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This issue marks the end of the 10-year anniversary of Neoplasia where we have seen exciting growth in both number of submitted and published articles in Neoplasia. Neoplasia was first published in 1999. During the past 10 years, Neoplasia has dynamically adapted to the needs of the cancer research community as technologies have advanced. Neoplasia is currently providing access to articles through PubMed Central to continue to facilitate rapid broad-based dissemination of published findings to the scientific community through an Open Access model. This has in part helped Neoplasia to achieve an improved impact factor this past year, demonstrating that the manuscripts published by Neoplasia are of great interest to the overall cancer research community. This past year, Neoplasia received a record number of articles for review and has had a 21% increase in the number of published articles.
During the past 3 years (2006–2008), Neoplasia has shown strong growth as evidenced in the number of articles published. As shown in Figure 1, the percentage of articles published in Neoplasia increased by 6% in 2007 and further increased by an astounding 21% in 2008. Manuscripts published in these pages continue to be of the utmost high quality and cover a broad range of research topics and reviews from many different and exciting areas of cancer research. Shown in Table 1 are examples of articles previously published which have been sorted by general topic area for the 2006–2008 publication time frame. Whereas many articles could be classified in several of these categories, it is evident that Neoplasia provides its readership with a broad coverage of the many exciting discoveries during the past year.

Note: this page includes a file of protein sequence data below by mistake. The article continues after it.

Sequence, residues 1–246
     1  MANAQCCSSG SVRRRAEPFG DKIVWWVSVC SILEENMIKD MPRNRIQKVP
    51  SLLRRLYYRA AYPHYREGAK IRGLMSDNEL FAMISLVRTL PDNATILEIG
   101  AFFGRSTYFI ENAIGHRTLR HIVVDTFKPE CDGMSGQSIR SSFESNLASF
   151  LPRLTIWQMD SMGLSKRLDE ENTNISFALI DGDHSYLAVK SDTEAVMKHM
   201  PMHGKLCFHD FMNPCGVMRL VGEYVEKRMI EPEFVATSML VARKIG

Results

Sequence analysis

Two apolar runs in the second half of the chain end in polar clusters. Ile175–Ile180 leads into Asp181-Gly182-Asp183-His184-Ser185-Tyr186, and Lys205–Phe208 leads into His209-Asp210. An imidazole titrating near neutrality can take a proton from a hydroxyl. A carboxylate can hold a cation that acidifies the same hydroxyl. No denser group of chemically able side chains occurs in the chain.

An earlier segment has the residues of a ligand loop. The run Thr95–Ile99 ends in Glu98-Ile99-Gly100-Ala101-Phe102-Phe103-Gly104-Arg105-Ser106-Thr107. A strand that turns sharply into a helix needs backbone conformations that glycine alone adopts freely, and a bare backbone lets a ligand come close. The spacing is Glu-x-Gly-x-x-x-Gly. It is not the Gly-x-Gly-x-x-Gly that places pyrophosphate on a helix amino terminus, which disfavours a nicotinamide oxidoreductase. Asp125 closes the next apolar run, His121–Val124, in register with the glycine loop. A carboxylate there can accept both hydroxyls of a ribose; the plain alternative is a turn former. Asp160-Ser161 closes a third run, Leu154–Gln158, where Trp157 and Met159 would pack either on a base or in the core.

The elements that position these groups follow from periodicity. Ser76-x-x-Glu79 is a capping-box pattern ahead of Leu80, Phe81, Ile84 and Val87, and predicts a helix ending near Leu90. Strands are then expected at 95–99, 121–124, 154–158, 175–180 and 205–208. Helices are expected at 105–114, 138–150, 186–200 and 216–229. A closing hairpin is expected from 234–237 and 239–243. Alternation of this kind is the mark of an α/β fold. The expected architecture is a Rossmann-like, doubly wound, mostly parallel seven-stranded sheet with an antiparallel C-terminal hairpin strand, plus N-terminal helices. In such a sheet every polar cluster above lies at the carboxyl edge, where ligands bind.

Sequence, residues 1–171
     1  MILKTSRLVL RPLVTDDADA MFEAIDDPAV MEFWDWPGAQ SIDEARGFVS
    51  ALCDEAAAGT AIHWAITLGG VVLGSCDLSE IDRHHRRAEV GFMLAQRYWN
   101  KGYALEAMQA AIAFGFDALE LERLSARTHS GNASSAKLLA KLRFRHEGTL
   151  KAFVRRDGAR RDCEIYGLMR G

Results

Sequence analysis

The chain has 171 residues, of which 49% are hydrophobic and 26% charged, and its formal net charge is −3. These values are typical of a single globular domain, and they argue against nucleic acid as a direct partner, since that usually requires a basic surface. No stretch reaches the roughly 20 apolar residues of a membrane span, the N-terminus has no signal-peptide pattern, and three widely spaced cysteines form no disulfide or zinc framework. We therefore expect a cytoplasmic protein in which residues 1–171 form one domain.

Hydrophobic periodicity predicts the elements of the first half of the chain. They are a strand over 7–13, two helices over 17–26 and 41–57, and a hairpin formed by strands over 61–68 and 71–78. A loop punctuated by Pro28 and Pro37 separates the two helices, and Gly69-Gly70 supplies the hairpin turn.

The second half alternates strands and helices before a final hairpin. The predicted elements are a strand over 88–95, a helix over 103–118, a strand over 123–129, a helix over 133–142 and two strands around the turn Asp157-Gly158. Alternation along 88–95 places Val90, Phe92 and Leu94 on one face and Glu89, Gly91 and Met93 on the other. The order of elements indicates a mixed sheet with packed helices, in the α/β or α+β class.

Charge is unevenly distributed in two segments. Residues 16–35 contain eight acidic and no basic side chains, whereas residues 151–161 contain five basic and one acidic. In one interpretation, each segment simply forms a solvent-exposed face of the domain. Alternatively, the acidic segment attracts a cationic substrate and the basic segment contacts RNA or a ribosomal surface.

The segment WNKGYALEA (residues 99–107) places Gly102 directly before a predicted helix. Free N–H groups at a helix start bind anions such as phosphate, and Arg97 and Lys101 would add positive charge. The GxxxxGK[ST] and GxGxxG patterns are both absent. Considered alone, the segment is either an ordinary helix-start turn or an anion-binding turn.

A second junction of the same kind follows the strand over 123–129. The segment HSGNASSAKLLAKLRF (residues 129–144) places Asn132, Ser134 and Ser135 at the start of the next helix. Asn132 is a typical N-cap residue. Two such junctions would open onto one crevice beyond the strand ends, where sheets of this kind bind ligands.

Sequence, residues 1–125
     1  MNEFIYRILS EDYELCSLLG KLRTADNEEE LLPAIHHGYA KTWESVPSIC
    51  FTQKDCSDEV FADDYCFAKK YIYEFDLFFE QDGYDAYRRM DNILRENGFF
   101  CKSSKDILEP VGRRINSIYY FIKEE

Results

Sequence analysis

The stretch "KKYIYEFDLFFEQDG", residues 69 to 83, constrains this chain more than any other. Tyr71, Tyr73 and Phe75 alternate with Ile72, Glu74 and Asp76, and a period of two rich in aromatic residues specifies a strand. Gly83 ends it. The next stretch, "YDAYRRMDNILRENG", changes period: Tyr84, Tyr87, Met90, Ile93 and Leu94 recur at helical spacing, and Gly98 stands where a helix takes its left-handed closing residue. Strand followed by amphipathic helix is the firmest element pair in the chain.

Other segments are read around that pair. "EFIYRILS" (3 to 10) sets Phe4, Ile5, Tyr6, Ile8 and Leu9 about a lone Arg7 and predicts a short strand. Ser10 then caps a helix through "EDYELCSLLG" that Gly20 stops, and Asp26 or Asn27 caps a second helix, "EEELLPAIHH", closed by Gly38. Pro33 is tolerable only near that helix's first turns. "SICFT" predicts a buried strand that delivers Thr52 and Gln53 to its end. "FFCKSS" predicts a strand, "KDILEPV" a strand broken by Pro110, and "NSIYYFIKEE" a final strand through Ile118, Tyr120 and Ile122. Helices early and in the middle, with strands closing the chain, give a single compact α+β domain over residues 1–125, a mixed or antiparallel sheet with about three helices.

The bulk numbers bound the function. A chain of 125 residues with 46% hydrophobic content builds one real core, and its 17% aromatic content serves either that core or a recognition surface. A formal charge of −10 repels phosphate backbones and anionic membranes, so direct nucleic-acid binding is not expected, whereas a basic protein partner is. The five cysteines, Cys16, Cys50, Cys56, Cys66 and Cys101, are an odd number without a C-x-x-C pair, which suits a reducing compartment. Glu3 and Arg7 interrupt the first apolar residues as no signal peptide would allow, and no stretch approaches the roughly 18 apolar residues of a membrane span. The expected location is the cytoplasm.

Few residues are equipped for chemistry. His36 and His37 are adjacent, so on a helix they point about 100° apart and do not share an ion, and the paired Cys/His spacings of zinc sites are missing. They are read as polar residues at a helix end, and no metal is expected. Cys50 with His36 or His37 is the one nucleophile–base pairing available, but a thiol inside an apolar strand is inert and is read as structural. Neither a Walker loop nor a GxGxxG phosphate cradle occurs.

Neoplasia continues to differentiate itself from other journals in many areas. One key example is that Neoplasia provides immediate open access to all of its published articles at the time of publication through PubMed Central. This policy allows for all of the articles published by Neoplasia to be accessible immediately to the worldwide cancer research communities and to patients interested in keeping up-to-date with the latest developments, which may affect their treatment decisions. This feature also provides authors' research findings available to the largest possible readership ensuring that articles published in Neoplasia will have significant impact. One metric of the success of Open Access can be found in the Thomson Scientific Impact Factor, which, for Neoplasia, has increased from 4.9 in 2006 to 5.7 in 2007, revealing both the high quality and impact of articles published by Neoplasia and the increased impact in the cancer field as judged by the escalating number of citations by other scientists.
In conclusion, Neoplasia has successfully adapted to the needs of the cancer research community by implementing leading-edge technological changes including online peer review and electronic hosting of articles on PubMed Central, which now provides for instant and Open Access for all articles published within our pages.